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India’s maritime history predates the birth of western civilisation. The world’s first tidal dock is believed to have been built at Lothal around 2300 BC during the Harappan Civilisation, near the present day Mangrol harbour on the Gujarat coast.
The Rig Veda, written around 2000 BC, credits Varuna with knowledge of the ocean routes commonly used by ships and describes naval expeditions which used hundred-oared ships to subdue other kingdoms. There is a reference to Plava, the side wings of a vessel which give stability under storm conditions: perhaps the precursor of modern stabilisers. Similarly, the Atharva Veda mentions boats which were spacious, well constructed and comfortable.
In Indian mythology, Varuna was the exalted deity to whom lesser mortals turned for forgiveness of their sins. It is only later that Indra became known as the King of the Gods, and Varuna was relegated to become the God of Seas and Rivers. The ocean, recognised as the repository of numerous treasures, was churned by the Devas and Danavas, the sons of Kashyapa by queens Aditi and Diti, in order to obtain Amrit, the nectar of immortality. Even today the invocation at the launching ceremony of a warship is addressed to Aditi.
The influence of the sea on Indian kingdoms continued to grow with the passage of time. North-west India came under the influence of Alexander the Great, who built a harbour at Patala where the Indus branches into two just before entering the Arabian Sea. His army returned to Mesopotamia in ships built in Sind. Records show that in the period after his conquest, Chandragupta Maurya established an Admiralty Division under a Superintendent of Ships as part of his war office, with a charter including responsibility for navigation on the seas, oceans, lakes and rivers. History records that Indian ships traded with countries as far as Java and Sumatra, and available evidence indicates that they were also trading with other countries in the Pacific and Indian Oceans. Even before Alexander there were references to India in Greek works, and India had a flourishing trade with Rome. The Roman writer Pliny speaks of Indian traders carrying away large quantities of gold from Rome, in payment for much-sought exports such as precious stones, skins, clothes, spices, sandalwood, perfumes, herbs and indigo.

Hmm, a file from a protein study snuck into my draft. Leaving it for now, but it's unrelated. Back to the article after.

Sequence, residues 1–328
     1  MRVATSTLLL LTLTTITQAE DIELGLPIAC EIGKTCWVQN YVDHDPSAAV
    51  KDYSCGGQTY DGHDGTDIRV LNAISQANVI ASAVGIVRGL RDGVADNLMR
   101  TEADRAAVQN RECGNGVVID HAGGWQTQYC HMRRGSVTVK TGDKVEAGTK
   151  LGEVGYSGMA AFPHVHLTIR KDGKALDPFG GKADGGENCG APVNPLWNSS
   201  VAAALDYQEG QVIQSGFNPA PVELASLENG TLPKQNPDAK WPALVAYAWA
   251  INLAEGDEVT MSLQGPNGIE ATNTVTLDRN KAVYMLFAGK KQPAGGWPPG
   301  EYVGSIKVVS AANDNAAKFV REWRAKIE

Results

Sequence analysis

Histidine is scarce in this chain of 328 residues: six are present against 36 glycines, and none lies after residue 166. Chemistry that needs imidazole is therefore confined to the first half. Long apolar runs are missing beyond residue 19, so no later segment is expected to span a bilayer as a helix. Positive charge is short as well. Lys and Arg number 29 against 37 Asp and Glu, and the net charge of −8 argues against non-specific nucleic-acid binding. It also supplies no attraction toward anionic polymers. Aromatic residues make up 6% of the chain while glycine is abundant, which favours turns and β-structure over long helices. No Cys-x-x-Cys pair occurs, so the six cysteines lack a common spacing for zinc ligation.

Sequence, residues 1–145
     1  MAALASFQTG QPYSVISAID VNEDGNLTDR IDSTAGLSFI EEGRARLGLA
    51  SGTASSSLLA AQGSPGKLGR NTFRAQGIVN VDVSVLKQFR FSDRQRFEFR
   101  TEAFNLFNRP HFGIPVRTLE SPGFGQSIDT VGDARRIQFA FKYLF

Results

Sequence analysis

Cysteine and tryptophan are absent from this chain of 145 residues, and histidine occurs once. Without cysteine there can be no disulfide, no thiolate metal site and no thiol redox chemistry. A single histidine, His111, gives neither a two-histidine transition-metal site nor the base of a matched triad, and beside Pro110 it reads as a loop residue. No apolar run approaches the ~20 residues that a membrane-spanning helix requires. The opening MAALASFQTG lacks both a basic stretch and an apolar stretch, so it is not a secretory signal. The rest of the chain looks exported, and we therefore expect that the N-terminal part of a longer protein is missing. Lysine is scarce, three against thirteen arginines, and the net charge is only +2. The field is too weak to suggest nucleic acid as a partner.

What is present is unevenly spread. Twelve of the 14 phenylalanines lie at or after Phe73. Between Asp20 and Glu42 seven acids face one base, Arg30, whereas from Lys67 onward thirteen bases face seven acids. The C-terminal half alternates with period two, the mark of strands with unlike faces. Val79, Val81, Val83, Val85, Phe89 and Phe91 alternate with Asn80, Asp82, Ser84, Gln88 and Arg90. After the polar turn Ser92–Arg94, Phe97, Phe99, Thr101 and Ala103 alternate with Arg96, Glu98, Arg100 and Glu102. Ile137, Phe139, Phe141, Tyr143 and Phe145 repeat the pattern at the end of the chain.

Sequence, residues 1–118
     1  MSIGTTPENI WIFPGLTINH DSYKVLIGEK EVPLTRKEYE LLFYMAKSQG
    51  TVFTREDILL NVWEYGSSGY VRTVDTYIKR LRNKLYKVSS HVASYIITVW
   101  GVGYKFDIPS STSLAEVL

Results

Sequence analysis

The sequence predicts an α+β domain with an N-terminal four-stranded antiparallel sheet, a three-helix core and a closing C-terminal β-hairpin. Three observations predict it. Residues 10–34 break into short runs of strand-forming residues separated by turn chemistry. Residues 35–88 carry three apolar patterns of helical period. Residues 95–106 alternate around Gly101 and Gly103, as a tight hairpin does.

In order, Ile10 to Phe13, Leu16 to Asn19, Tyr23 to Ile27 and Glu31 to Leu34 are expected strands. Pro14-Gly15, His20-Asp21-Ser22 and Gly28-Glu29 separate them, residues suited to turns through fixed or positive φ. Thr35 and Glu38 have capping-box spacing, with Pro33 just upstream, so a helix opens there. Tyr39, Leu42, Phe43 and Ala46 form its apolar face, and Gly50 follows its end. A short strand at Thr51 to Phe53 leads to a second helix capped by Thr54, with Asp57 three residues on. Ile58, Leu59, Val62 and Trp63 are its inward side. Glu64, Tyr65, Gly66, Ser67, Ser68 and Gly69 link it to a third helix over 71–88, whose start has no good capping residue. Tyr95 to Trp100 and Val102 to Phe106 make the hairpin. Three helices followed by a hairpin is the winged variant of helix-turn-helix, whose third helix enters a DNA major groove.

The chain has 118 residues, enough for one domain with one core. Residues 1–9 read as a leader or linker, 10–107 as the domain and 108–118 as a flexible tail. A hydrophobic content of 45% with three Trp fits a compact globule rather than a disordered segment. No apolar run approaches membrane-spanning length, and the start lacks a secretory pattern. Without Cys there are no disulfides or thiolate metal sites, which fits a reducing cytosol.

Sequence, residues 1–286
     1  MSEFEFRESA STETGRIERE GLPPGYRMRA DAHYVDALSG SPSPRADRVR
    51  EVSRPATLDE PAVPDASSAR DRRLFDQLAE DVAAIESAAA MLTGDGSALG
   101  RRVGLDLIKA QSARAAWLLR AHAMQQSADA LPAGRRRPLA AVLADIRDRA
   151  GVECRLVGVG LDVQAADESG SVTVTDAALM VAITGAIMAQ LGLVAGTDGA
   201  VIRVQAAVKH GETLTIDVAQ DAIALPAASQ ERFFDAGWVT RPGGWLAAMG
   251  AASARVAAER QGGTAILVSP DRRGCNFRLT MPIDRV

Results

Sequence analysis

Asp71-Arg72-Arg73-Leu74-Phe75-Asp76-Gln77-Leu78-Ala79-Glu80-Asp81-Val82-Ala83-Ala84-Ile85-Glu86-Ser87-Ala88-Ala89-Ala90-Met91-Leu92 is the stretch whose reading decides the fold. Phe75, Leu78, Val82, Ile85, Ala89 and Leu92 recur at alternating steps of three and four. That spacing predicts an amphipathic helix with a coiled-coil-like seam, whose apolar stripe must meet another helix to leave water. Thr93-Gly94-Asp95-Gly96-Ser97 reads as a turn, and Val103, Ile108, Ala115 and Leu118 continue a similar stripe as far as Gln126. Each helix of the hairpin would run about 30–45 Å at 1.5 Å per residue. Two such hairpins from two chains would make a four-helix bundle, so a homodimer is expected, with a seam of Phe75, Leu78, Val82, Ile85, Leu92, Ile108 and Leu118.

Trade of this volume could not have been conducted over the centuries without appropriate navigational skills. Two Indian astronomers of repute, Aryabhatta and Varahamihira, having accurately mapped the positions of celestial bodies, developed a method of computing a ship’s position from the stars. A crude forerunner of the modern magnetic compass was being used around the fourth or fifth century AD. Called Matsya Yantra, it comprised an iron fish that floated in a vessel of oil and pointed North.
Between the fifth and tenth centuries AD, the Vijaynagaram and Kalinga kingdoms of southern and eastern India had established their rule over Malaya, Sumatra and Western Java. The Andaman and Nicobar Islands then served as an important midway point for trade between the Indian peninsula and these kingdoms, as also with China. The daily revenue from the eastern regions in the period 844-848 AD was estimated at 200 maunds (eight tons) of gold. In the period 984-1042 AD, the Chola kings despatched great naval expeditions which occupied parts of Burma, Malaya and Sumatra, while suppressing piracy by the Sumatran warlords. In 1292 AD, Marco Polo described Indian ships as ” …built of fir timber, having a sheath of boards laid over the planking in every part, caulked with oakum and fastened with iron nails. The bottoms were smeared with a preparation of quicklime and hemp, pounded together and mixed with oil from a certain tree which is a better material than pith.”